Huawei somehow made enough Kirin 9000 chips to launch a new phone

Embattled Chinese smartphone maker Huawei has overcome the odds to debut the latest and greatest version of its Kirin SoC in the new Mate 40 Pro smartphone.

The Mate 40 wasn’t launched under normal circumstances, of course, with the US having effectively blockaded Huawei’s access to any chip fabs for the past few months. This means that, on top of not being able to buy chips from US companies like Qualcomm, Huawei now has nobody to make the ones it designs for itself.

That’s a shame, because by all accounts the Huawei Kirin family of SoCs compete well with the best Qualcomm, Apple and Samsung have to offer. The latest – Kirin 9000 – is the first to be manufactured on the 5nm process and Huawei claims it’s the first 5G chip to manage that. It can, against all odds, be found in the flagship Mate 40 Pro, which was officially launched today.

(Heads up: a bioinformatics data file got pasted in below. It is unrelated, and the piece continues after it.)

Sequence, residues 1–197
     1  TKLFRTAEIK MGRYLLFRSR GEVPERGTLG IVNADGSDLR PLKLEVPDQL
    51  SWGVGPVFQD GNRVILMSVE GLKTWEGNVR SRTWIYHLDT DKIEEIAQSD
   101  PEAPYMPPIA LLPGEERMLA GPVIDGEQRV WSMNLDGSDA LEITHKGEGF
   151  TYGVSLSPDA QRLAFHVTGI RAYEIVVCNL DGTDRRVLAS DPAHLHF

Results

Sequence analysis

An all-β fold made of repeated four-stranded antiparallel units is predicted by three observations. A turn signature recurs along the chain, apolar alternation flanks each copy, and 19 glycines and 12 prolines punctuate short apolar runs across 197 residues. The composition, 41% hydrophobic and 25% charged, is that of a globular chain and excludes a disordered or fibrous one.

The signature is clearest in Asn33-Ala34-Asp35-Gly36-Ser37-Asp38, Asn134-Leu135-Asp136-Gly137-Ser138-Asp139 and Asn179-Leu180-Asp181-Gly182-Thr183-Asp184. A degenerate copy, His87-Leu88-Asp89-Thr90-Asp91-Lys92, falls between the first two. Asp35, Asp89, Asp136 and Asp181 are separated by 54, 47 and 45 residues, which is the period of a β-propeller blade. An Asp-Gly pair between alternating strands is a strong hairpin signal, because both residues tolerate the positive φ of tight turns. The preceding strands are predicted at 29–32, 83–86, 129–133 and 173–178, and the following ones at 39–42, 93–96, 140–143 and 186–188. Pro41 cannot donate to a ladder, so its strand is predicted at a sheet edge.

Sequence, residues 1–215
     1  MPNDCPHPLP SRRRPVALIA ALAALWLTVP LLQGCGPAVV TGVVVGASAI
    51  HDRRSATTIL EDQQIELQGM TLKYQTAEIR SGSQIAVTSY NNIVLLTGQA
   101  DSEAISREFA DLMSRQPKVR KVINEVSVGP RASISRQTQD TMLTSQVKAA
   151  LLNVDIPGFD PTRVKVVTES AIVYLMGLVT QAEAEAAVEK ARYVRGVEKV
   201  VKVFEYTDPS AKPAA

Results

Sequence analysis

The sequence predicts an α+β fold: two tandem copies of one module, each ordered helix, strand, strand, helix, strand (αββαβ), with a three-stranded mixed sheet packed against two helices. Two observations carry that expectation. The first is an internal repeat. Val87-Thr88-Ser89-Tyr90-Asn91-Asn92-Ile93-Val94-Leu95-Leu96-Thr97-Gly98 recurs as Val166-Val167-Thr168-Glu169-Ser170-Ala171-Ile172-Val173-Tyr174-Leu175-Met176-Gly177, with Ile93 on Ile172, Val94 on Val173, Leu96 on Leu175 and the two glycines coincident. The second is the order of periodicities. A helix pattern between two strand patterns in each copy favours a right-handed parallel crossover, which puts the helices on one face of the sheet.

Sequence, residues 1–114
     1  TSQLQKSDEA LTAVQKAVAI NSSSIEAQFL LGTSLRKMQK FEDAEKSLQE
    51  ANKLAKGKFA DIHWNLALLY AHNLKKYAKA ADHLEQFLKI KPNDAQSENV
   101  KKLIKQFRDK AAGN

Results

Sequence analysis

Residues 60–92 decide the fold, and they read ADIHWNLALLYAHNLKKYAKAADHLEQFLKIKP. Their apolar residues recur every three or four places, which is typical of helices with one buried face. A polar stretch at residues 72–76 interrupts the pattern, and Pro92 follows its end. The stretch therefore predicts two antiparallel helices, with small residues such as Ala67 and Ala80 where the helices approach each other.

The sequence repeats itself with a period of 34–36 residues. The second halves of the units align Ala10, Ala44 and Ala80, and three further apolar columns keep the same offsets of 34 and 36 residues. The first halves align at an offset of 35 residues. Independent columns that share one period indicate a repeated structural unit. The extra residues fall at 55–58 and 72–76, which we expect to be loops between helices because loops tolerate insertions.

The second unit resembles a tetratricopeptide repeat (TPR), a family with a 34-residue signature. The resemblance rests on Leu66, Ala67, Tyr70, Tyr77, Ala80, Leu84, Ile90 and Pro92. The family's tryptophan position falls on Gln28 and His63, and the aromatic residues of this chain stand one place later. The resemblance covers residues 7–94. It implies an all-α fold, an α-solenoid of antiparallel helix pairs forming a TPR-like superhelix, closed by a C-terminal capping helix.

We haven’t seen a press release, but you can watch the launch event below, which doesn’t start until 30 minutes into the video for some reason. As well as the Kirin 9000, the Mate 40 seems to have top specs across the board, which it should with a price tag of £1,100. UK punters can pre-order the Mate 40 from 3 November, but we don’t yet know when they’ll actually turn up.

The other big variable remains how many Kirin 9000s Huawei managed to get out of TSMC, or whoever, before the chip embargo kicked in. Reports estimate it may have stashed up to ten million of them, which is a decent effort. Chinese media reckon there will be plenty of domestic demand for the Mate 40 as a collectors item and, considering Huawei is not allowed to have proper Android anymore either, that’s where we’d expect the vast majority of its sales to be.

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